At the age of 71, Itzhak Perlman is showing no signs of slowing down. In fact, as he took to the stage on his electric Amigo scooter earlier this month at the Mondavi Center (on the campus of U.C. Davis), he seemed more energized than we had thought he’d been in his many past performances at that venue over the last 15 years. Admittedly, seeing him ride a scooter is bound to lead one to think he has a lot of energy, especially when compared to the difficulty he has had over the years walking with crutches. (Perlman has suffered from the effects of polio since he contracted the disease when he was four years old.)
But Mr. Perlman is also not slowing down in his virtuosity with the violin. In an excellent recital in which he was ably accompanied by pianist Rohan De Silva, Mr. Perlman played works by Vivaldi, Beethoven, Schumann and Stravinsky and then dazzled the audience with five encores that he announced with great comic introductions. He is a master performer with a delightful stage persona, and he still seems very much in his prime.
He opened the program with Vivaldi’s Sonata for Violin and Piano in A Major. It’s a short, four-movement work that opens with a series of five very short stanzas that move from swift prestos to adagios and back to the presto that concludes it. Dance rhythms can be heard throughout the remaining three movements, which end with a lively Giga, based on an English folk dance.
Beethoven’s Sonata No. 5 for Violin and Piano in F Major is a more significant work, requiring deft interplay between violin and piano. Mr. Perlman and Mr. De Silva had no difficulty with the challenges in the score, although Mr. De Silva’s page turner did fumble badly at one point, almost causing the printed score to fall onto the keyboard. Mr. De Silva saved the score with one hand, while continuing to play with the other, not missing a note in the process.
The duo concluded the first half of the program with Robert Schumann’s “Fantasiestϋcke” for Violin and Piano, which the composer wrote during the two-year period when his close friends, Fanny Mendelssohn (Felix’s sister) and, shortly thereafter, Felix himself, died. All three movements of the piece are tender in mood, although Mr. Perlman showed greater animation in the last two than in the first.
All three works on the first half of the program were soothing in tone, but in none did Mr. Perlman put his virtuosity on display. He more than made up for that deficit following the intermission. Again with Mr. De Silva in solid support, he began with Igor Stravinsky’s six movement “Suite Italienne” for Violin and Piano. Consisting of transcriptions for violin and piano from Stravinsky’s opera “Pulcinella” (the violinist Samuel Dushkin transcribed the violin parts; Stravinsky arranged the piano accompaniments), the work covers six segments from the opera, and with the third (Tarantella) and fifth (Scherzino), Mr. Perlman finally showed his stuff.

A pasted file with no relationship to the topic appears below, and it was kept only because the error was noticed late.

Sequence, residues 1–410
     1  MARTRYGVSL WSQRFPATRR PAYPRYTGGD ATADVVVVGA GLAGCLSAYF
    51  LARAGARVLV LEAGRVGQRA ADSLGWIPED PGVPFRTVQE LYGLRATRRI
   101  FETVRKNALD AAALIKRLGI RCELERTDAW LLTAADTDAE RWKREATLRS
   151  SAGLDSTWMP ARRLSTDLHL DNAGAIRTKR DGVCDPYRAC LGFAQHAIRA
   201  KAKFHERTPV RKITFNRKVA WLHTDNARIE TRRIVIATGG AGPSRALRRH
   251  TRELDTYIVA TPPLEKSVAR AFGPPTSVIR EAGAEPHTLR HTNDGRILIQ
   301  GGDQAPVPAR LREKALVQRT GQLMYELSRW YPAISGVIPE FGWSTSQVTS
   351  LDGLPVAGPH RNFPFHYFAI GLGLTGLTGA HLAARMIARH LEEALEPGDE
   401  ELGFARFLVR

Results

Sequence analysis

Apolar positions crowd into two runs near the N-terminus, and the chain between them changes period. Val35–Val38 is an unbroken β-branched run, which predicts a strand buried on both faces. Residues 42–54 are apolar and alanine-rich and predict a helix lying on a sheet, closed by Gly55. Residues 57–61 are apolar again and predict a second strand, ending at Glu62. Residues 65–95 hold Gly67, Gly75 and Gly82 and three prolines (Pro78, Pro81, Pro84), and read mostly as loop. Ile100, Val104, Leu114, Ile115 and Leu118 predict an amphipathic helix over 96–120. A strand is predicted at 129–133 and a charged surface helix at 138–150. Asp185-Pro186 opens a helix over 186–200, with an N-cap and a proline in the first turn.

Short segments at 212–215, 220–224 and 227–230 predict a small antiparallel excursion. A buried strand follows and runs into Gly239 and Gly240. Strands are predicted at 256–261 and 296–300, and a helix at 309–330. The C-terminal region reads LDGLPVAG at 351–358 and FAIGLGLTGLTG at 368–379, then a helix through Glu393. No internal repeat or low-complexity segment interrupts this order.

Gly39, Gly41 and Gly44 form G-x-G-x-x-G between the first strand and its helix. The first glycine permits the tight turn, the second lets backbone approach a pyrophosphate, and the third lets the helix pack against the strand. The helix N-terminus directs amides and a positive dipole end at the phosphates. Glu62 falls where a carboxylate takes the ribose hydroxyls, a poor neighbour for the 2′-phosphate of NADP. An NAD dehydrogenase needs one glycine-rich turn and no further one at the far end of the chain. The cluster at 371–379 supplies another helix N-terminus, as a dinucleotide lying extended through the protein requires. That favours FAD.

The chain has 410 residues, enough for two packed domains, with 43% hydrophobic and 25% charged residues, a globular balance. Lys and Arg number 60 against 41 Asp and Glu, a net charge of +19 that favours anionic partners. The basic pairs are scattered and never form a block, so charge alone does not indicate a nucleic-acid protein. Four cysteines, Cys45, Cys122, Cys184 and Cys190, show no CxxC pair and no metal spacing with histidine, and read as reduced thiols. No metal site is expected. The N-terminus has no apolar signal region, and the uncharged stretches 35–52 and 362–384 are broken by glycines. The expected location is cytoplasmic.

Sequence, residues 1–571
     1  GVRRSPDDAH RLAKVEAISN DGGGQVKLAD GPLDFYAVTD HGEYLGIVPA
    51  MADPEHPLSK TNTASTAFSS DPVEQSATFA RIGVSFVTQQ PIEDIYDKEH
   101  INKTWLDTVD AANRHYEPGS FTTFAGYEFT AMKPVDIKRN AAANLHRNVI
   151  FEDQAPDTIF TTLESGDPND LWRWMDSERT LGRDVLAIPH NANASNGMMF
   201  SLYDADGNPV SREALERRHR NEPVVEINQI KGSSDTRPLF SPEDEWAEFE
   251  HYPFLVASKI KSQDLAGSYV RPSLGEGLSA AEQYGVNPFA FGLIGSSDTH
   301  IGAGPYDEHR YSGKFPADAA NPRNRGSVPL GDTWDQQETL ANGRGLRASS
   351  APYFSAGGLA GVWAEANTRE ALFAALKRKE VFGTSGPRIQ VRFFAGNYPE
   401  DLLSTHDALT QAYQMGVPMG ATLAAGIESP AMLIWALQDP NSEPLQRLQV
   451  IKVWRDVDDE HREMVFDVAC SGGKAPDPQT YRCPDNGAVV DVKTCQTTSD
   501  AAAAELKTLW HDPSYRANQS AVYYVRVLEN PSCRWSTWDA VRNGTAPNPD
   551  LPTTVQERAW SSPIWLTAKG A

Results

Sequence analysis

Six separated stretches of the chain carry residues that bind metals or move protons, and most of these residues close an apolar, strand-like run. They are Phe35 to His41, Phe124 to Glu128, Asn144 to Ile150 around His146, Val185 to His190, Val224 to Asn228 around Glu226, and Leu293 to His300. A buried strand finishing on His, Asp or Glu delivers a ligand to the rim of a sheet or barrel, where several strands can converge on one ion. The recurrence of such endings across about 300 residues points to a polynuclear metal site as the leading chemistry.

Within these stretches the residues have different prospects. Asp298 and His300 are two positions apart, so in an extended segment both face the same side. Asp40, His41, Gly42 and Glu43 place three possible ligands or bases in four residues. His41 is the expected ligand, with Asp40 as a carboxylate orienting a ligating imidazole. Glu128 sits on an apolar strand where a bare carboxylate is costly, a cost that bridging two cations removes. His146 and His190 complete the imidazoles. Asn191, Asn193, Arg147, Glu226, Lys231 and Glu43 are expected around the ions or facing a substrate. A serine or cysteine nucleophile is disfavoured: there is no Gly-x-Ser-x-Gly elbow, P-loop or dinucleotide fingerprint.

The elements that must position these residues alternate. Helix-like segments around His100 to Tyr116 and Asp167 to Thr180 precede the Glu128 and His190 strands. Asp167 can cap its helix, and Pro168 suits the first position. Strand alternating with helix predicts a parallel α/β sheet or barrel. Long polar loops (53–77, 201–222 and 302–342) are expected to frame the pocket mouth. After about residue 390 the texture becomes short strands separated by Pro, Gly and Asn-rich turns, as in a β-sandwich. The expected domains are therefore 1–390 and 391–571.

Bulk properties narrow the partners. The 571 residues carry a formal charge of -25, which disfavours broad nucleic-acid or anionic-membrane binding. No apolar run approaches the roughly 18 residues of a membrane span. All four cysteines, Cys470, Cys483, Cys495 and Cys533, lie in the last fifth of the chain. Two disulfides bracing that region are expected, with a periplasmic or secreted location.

He then returned with Mr. De Silva to perform the five encores that were, again, virtuosic displays of his immense talent. He introduced each of the works (regrettably, without a microphone) with humorous quips that had him weaving a thread from a transcription by Fritz Kreisler (“in the style of that well-known composer François Francoeur,” he joked since presumably no one (certainly not us) had ever heard of Francoeur), to a transcription of a Tchaikovsky opera by Leopold Auer, to a transcription by Jascha Heifetz (“who had been a student of Auer”) of Prokofiev’s opera “The Love of Three Oranges,” to an original composition by Kreisler (a “miniature Viennese March”). In each of these pieces, Mr. Perlman was at his virtuosic best.
He and Mr. De Silva then ended the concert with what Mr. Perlman described as a “piece by Franz Ries (one of many Ries pieces)” entitled “Perpetual Motion.” This recital favorite requires the manual and digital dexterity of a teenager. Mr. Perlman began it with a quick tempo and then continually accelerated that tempo until he was playing about as fast as we imagine any violinist can play. It was a great way to conclude a wonderfully entertaining concert by a highly accomplished and thoroughly delightful master musician.